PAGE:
Demolition, remodeling and additions to Enumclaw High School have received formal blessing by members of the Enumclaw City Council, who took time to debate traffic changes that will likely accompany the huge project.
Action and discussion regarding Enumclaw High were part of the council’s Sept. 26 meeting. While district voters had approved financing for the school project, it required “site plan approval” before certain work could move forward.
The site plan approval addressed a wide-ranging plan of action calling for demolition of the 100, 200 and 300 classroom buildings on the campus, remodeling of the food service area and administration wing and the placement of portable classrooms. The plan includes construction of a pair of two-story classroom wings, resulting in a building more than 245,000 square feet in size.
Prior to voting on the site plan, council members addressed traffic mitigation issues. Because the high school construction is being done with enrollment growth in mind, steps are suggested to handle greater automobile flows through the area.
The intersection of Semanski Street and Warner Avenue, directly in front of the school, already is a busy place during peak times – meaning those moments before and after the school day. A traffic analysis also pointed to potential troubles at the intersection of Semanski and state Route 410, as well as possible logjams at the corner of Roosevelt Avenue and 244th Avenue Southeast.
The most intriguing traffic element is the suggestion that a “compact roundabout” be constructed in front of the school at the Warner/Semanski intersection.
When asked if a traffic light had been considered instead, City Administrator Chris Searcy explained that roundabouts are generally safer when accidents occur. The city’s insurance carrier has pointed that out, Searcy added.
But Searcy also was quick to note that giving approval to the school district’s construction request was for on-campus work only. It does not assure a particular type of traffic enhancement.
A school district representative reported that the bulk of the construction work will not be completed until the end of 2018, with student occupancy expected in early 2019.
In other action during their Sept. 26 meeting, members of the Enumclaw City Council:
• listened as Britt Nelson, executive director of Plateau Outreach Ministries, discussed POM’s voucher program.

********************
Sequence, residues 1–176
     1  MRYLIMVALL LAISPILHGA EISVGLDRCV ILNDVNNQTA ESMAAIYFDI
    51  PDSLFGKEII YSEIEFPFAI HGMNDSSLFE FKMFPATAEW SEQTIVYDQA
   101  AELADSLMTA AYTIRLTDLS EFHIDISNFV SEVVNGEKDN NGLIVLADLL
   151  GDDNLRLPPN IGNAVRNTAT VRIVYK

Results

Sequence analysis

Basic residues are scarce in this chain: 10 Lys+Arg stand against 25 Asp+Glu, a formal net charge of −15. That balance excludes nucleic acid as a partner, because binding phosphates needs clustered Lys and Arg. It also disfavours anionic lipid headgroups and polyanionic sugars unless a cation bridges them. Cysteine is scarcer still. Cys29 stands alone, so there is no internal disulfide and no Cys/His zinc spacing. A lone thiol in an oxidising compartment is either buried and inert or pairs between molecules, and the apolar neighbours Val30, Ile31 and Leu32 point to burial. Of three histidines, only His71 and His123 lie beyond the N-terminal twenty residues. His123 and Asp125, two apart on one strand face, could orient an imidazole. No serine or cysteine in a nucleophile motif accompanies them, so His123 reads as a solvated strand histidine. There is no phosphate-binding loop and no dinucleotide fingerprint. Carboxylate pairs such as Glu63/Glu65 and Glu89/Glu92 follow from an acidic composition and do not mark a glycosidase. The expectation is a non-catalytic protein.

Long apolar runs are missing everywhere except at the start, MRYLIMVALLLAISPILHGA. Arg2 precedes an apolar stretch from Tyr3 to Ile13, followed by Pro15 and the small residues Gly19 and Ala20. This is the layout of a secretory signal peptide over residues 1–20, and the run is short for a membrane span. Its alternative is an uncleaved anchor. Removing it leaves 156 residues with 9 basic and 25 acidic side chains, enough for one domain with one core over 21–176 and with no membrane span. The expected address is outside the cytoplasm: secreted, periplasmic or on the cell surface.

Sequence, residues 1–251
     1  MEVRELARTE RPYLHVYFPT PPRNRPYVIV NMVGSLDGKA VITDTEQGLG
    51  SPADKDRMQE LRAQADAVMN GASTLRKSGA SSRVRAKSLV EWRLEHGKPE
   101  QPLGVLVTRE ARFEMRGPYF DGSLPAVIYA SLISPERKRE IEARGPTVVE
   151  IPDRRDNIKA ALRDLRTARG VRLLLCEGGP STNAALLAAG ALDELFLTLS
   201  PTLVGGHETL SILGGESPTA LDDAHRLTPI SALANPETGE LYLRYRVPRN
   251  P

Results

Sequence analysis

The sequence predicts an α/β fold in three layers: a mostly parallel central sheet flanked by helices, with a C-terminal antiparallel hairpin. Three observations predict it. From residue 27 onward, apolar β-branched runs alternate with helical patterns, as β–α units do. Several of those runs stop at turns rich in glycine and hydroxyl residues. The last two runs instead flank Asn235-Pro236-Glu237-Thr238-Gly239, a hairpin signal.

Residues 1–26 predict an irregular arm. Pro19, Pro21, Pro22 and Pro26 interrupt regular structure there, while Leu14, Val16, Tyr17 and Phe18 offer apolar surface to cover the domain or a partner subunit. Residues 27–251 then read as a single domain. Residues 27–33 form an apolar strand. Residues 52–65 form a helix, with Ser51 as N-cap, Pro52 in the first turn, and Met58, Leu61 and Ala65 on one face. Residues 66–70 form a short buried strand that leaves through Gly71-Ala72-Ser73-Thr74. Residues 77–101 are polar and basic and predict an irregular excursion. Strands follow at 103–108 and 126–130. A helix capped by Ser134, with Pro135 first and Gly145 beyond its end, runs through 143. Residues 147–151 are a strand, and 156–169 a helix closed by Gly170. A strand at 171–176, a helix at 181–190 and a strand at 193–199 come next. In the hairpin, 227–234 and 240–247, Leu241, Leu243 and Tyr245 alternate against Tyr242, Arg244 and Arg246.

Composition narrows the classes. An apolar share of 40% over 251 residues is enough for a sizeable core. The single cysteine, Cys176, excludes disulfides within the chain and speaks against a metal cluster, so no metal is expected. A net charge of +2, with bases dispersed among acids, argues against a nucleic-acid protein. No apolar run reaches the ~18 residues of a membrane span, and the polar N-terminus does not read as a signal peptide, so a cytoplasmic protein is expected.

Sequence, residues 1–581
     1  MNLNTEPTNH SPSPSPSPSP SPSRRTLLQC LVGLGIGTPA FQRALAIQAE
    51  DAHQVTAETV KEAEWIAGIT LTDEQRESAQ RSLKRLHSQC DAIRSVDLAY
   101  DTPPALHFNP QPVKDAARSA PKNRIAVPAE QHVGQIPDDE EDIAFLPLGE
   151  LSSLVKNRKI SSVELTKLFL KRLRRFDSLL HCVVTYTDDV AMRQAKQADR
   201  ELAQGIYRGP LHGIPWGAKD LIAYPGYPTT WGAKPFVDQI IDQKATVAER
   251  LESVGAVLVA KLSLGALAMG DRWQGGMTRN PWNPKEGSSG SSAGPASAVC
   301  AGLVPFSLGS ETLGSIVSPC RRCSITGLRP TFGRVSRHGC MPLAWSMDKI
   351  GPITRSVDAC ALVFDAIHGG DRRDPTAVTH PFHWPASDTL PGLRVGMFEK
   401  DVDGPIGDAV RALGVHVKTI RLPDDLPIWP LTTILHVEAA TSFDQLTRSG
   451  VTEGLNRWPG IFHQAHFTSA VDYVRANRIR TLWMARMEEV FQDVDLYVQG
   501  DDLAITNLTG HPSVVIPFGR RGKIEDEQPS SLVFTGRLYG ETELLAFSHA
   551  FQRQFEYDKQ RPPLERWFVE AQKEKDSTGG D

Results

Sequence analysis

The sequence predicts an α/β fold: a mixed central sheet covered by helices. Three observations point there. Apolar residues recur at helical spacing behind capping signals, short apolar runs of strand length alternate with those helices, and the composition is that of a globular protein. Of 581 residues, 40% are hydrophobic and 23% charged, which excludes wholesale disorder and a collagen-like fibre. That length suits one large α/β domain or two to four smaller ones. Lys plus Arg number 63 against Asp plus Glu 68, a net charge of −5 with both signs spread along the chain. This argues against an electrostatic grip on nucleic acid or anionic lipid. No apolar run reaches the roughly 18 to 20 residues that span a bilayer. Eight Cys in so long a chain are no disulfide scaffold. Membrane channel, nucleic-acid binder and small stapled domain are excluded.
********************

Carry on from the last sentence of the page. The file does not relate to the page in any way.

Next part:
“We’ve been helping a lot of families,” Nelson said, noting that the organization had come to the aid of 275 needy households during the first nine months of the year.
“There’s a lot of families in need of support,” Nelson said, explaining that many end in financial distress when two incomes are reduced to one.
POM is able to help people for wide-ranging reasons, she added, explaining that one local resident was forced to pour finances into rodent control. Work on a nearby development led to a rat infestation in her home. With money headed in that direction, there was not enough left for other necessities.
The biggest demands are for help with rent and utility payments, Nelson said, noting that requests this year have exceeded 2015 and 2014 levels.
Of the families helped by POM, more than 70 percent are in an “unstable housing” situation. By POM’s definition, that means housing costs eat up more than half the household income.
POM’s emphasis is on keeping people in suitable homes, Nelson said, and there’s plenty of demand. There is subsidized housing in town, she said, but there’s a three-year waiting list.
• approved, on first reading, a plan that would turn 5.4 acres of land into 20 residential lots on the city’s western boundary.
The city has already approved Meadow Park Phase One and the most recent action was for Phase Two. The area in question sits along the east side of 244th Avenue Southeast, generally north of the Rainier Trails park.
Final approval was anticipated during this week’s council session.
• heard Mayor Liz Reynolds happily update financial hopes for getting a footbridge across the White River to expand the regional trail system.
There has long been an effort – by both King and Pierce counties, in conjunction with the cities of Enumclaw and Buckley – to expand the Foothills Trail. The extensive system sits in Pierce County and is close to seeing a continuous, 20-mile ribbon of pavement.
With King County as the lead agency, an effort was made to land a state grant to add pavement on both sides of the river and construct a bridge.
The project received a No. 2 ranking by the state’s Recreation and Conservation Office and is now dependent upon funding by lawmakers.
The goal is to “stay optimistic that the legislators fund this RCO program,” Reynolds said, noting that $7.3 million is already on hand for a project that carries a price tag in excess of $10 million.